Net operating income is the income that a property investor generates yearly from a real estate asset. This is the amount left once expenses are calculated and deducted, such as the tax on properties, utility bills, property management charges, and HOA fees. This formula is vital to property investors since it shows the real estate property’s revenue and profitability.

10. Credit Score

Credit score is a useful gauge when evaluating a prospective tenant. It determines one’s creditworthiness.

If the credit score is high, lenders can easily arrange a loan. On the other hand, landlords will see it as a positive sign in considering a renter. If the credit score is low, lenders will find it difficult to approve a loan application. Landlords will also be discouraged from accepting such a renter.

Credit score is based upon one’s credit history. This is a useful metric in evaluating a borrower or renter since it displays one’s financial obligations and responsibility in paying.

An excellent score will open a borrower to lower interest rates and stronger credit lines. Credit scores can be improved in several ways since the figure is dependent on one’s current financial state.

11. Single-Family Home

A single-family home is a freestanding unit of residence that’s designed for a family. Basically, it’s separate from other buildings. It has an independent entrance and its own set of utilities.

single family home

A single-family home structure is made up of one dwelling. Single-family homes can be spacious with their own backyard lots, providing more privacy to their residents.

12. Multi-Family Home

A multi-family home is a building made up of units. It’s suitable for several families staying in different dwellings. Even if the families share one roof, they still maintain their own living spaces. Each unit has a separate kitchen, utility meter, bedrooms, bathrooms, and entryways.

Multi-family homes can be labeled as a duplex, triplex or quadplex, depending on the number of units it’s composed of. Normally, it’s owned by a single property owner, unlike a condo building where there are different owners per condo unit.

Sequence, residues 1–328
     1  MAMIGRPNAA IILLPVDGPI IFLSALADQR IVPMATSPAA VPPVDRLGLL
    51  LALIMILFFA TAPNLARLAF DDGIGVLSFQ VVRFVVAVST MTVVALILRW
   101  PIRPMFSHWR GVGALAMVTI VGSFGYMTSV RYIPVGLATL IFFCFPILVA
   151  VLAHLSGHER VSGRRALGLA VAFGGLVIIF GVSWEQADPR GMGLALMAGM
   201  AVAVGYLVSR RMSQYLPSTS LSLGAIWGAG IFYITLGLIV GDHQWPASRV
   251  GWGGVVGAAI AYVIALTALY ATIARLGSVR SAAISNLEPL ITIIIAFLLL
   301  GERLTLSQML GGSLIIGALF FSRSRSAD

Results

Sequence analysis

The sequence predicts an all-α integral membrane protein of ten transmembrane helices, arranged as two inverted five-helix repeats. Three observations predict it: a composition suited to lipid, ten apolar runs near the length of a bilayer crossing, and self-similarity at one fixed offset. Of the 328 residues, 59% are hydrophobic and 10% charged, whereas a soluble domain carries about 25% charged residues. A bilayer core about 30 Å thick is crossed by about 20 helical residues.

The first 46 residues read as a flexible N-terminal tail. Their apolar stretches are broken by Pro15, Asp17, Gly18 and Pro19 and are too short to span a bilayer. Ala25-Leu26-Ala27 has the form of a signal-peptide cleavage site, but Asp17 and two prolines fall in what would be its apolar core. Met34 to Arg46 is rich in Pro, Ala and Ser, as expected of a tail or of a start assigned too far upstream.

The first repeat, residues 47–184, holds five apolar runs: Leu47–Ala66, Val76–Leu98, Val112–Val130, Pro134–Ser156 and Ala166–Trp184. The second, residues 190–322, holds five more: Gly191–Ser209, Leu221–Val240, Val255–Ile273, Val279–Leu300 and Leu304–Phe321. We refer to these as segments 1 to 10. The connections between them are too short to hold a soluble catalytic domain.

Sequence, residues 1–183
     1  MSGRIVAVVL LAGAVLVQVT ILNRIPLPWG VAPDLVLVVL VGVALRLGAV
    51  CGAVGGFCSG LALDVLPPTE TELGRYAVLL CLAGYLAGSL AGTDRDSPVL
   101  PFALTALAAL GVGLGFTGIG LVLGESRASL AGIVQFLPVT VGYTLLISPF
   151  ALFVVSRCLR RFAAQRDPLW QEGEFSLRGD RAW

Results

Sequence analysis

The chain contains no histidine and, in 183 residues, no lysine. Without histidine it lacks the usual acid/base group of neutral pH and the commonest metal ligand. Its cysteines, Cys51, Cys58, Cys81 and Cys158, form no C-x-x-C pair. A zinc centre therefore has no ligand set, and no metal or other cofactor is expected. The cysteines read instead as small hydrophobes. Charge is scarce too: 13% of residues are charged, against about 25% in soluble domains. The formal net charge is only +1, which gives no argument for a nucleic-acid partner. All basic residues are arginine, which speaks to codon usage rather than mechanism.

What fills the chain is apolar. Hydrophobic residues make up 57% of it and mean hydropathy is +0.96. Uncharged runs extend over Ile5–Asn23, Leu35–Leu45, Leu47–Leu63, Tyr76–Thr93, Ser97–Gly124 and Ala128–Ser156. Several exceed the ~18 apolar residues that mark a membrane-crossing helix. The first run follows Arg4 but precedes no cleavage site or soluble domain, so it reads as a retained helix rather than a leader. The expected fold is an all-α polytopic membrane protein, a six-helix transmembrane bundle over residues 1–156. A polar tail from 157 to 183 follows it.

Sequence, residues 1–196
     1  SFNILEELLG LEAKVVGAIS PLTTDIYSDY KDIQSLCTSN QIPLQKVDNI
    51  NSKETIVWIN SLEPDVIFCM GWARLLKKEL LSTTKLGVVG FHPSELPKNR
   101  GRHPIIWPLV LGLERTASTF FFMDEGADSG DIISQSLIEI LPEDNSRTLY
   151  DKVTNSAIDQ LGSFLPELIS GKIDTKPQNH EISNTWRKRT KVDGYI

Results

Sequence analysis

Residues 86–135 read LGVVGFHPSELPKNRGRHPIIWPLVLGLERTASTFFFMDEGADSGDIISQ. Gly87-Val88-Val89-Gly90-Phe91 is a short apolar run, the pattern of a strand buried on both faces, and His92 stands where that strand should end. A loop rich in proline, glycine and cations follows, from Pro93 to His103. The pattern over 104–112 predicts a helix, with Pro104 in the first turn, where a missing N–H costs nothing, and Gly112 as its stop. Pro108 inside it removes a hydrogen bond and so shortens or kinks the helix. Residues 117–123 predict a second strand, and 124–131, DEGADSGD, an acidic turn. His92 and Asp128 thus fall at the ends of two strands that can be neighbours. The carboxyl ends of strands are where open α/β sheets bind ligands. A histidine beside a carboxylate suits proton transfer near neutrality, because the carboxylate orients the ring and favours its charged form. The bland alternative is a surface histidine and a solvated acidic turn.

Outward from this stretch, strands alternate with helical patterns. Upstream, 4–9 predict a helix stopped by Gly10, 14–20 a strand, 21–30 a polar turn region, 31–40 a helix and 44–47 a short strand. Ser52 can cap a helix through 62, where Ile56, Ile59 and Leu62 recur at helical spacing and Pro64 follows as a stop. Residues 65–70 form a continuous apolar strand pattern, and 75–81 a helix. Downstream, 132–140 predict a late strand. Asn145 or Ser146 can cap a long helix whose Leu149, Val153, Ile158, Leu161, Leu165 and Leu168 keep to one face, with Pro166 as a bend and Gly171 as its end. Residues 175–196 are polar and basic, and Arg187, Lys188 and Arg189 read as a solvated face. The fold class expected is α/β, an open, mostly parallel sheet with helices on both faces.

Sometimes, multi-generational families prefer to live in a multi-family unit to be closer to each other while still maintaining their independence and personal space.

13. Real Estate Agent

Real estate agents are licensed professionals who are allowed to manage real estate dealings. They represent the buyer or seller. They handle the negotiations of the sale of real estate and gain commissions from the property transactions.

14. Realtor

Realtors are professionals in the real estate industry who are active members of the National Association of Realtors (NAR). They follow the code of ethics and standards of this organization. Not all real estate agents are members of NAR so they can’t be called realtors. If you desire to be a member of NAR, you’re required to join your local real estate board or association.

Bottom Line

There you have it! Knowing these common terms will serve you well in getting a headstart with your investment pursuits. By having an understanding of the technical lingo, you won’t be caught off guard or confused about what’s involved in such an important decision.

If you’re looking for a professional property manager to take care of your current or future real estate investment, contact Evolve Nevada today! We’d be happy to speak to you about our property management services.